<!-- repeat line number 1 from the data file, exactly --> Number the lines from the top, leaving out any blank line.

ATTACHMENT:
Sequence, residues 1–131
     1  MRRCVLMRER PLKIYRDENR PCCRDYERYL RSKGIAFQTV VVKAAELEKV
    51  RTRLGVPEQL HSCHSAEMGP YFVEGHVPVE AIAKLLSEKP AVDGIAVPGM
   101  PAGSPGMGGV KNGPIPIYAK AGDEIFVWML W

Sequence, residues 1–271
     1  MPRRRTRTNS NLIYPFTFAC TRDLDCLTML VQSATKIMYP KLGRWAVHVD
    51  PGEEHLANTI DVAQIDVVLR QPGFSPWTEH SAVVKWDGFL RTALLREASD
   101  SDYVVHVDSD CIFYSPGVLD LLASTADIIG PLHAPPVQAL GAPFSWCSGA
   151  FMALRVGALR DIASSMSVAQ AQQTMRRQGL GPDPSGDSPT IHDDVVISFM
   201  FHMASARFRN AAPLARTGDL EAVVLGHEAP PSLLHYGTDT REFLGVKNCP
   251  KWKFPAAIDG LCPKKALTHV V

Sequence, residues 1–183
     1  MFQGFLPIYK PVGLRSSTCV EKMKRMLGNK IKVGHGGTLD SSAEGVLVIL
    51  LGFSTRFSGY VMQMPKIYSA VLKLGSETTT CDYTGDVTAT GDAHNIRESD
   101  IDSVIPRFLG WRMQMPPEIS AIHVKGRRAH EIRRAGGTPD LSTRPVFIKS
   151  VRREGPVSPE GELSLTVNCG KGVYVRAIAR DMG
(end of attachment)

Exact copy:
Sequence, residues 1–131